Learn what is hot in the realm of pediatric emergency medicine. What is the latest research say and how might that help you optimize your patient management? What are the latest patient care products? This column will help you and your patients.
Procedural sedation is often required in the pediatric emergency department for a variety of chief complaints, including abscess incision and drainage, fracture reduction, laceration repair and burn management. While there have been numerous advances in the field of procedural sedation as well as updates to practice guidelines, there are often no guidelines for indications for sedation or medications for particular patient types.
Miller et al describes patient care variability in the setting of procedural sedation in the pediatric emergency department. The objective of this study was to describe sedation trends over time as well as to quantify the variation in procedural sedation in terms of rate of use, patient characteristics, indications and choice of agents. A retrospective, cross-sectional study was performed. Data were obtained using the Pediatric Health Information System (PHIS) database. This database contains emergency department, inpatient, ambulatory surgery and observation encounter-level data from 45 tertiary care hospitals in the Unites States. Inclusion criteria consisted of children who presented to a participating emergency department between January 1, 2009 and December 31, 2014 and were younger than 19 years of age. The authors identified patients who would potentially receive procedural sedation based on the following diagnostic categories: fractures, lacerations, abscesses, dislocations, and other (burns, amputations, etc.). Patients with chronic comorbid conditions, patients who received paralytics (these were likely used for intubation) and patients receiving sedation medications in the operating room were excluded. Administration of the following medications were considered to constitute procedural sedation: propofol, ketamine, ketamine and propofol, midazolam and fentanyl, dexmedetomidine, etomidate, chloral hydrate, pentobarbital, methohexital, meperidine, promethazine, and chlorpromazine. Single agent use of an opiate or benzodiazepine was not considered procedural sedation.read more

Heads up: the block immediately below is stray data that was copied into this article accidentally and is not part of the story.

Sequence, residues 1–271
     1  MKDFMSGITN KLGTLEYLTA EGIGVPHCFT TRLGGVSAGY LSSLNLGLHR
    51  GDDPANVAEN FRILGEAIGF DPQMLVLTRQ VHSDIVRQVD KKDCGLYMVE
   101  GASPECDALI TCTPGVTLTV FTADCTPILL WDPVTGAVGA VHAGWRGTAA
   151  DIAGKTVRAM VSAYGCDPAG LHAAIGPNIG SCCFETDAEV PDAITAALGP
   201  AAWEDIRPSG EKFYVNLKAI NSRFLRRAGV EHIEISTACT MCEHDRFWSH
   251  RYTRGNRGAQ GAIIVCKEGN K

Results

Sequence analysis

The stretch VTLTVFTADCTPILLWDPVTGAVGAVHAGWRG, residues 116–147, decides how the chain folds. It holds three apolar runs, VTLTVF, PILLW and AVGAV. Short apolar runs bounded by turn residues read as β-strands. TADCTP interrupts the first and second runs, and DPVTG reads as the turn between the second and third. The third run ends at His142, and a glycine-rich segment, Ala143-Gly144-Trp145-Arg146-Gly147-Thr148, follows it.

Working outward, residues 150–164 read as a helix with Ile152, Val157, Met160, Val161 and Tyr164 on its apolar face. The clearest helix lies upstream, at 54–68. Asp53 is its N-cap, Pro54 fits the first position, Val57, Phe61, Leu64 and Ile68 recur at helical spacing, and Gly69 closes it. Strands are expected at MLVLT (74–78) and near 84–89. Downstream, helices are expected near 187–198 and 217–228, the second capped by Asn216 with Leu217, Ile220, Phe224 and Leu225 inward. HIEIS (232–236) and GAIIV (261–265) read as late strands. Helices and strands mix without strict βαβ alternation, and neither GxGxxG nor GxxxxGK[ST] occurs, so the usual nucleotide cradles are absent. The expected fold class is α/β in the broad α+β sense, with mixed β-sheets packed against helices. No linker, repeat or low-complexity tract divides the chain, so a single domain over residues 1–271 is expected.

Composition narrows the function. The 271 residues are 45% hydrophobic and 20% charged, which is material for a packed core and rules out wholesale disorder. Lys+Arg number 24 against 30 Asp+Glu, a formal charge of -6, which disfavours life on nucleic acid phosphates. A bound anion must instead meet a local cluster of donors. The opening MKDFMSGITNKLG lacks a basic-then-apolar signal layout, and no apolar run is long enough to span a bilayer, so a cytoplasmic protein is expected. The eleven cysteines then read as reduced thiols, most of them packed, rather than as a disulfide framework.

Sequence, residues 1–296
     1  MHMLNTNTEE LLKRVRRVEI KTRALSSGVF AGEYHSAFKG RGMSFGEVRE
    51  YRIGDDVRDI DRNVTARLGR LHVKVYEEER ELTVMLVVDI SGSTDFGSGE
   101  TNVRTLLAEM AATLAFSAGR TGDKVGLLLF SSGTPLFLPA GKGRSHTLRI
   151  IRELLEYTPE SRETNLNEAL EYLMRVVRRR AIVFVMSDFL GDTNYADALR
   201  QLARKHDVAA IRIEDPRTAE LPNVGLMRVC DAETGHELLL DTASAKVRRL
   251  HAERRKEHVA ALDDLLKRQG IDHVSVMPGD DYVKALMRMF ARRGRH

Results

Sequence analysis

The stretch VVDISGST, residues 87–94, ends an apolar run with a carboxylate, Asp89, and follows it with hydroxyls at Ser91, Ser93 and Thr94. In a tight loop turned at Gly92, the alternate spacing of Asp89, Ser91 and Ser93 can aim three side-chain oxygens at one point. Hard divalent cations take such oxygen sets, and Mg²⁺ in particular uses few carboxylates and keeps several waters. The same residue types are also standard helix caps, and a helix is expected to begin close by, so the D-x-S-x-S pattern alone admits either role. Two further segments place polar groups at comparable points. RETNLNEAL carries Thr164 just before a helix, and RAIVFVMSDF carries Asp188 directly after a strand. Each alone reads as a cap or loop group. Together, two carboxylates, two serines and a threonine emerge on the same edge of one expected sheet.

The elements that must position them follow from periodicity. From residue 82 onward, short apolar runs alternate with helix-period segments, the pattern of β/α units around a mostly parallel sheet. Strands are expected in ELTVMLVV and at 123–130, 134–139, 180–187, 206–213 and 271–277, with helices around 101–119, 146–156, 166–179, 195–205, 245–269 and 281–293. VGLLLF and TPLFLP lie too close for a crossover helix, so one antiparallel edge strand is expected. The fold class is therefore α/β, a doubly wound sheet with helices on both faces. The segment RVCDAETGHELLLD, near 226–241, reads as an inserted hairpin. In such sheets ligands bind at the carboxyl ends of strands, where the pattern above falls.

In recent years pediatric emergency departments have seen a dramatic rise in the number of children and families presenting seeking mental health treatment. As a child and adolescent psychiatrist primarily working in the emergency room, I’m often asked by my Emergency Medicine colleagues to develop an “agitation plan” for patients who are deemed at risk of acting out in an aggressive manner. Most often these requests tend to focus on the PRN medication plan should a child become aggressive or upset. However, most successful agitation plans begin well before any medication needs to be administered.read more
Imagine it’s a warm day in June when an 18-month old male with a complicated facial laceration involving the oral mucosa from a dog bite presents to your emergency department (ED). His parents are requesting that his lacerations be repaired by a plastic surgeon. You recognize their concern and are happy to oblige. You want to ensure the best outcome so you decide to do procedural sedation for the repair. You reach for your handy dandy procedural sedation hammer Ketamine. However, while your patient has obviously achieved a dissociative state, he seems to be periodically moving and tongue thrusting. Your consultant is not very pleased at that thought of attempting a delicate repair on a moving child. What can be done?read more
While working the overnight shift a child is brought in to your emergency department from a house fire. His burns are minor, but he was found in the house and likely had a significant smoke inhalation. The paramedics have started oxygen therapy, and as an astute emergency physician you add a blood gas with cooximetry, lactate and cyanide level to your initial orders. You are preparing to administer the CYANOKIT (hydroxocobalamin) but you pause for a moment to ask, “Should I be sending additional labs before I give this medications? Will this affect management in the next 24 hours? Are there other options?”read more
March has arrived and the temperatures in the northeast are rising. With the warm weather come spring and summer sports seasons, and a new batch of concussions in the pediatric and young adult populations. Nearly 4 million sports-related traumatic brain injuries occur each year. The number of children seen in emergency departments for concussion has nearly tripled in the past decade. Over the past 10 years, concussion safety laws have been passed in every state, requiring that children be seen by a medical professional prior to returning to sports. As our awareness of the diagnosis of concussion increases, more and more children will continue to present to emergency departments across the country.read more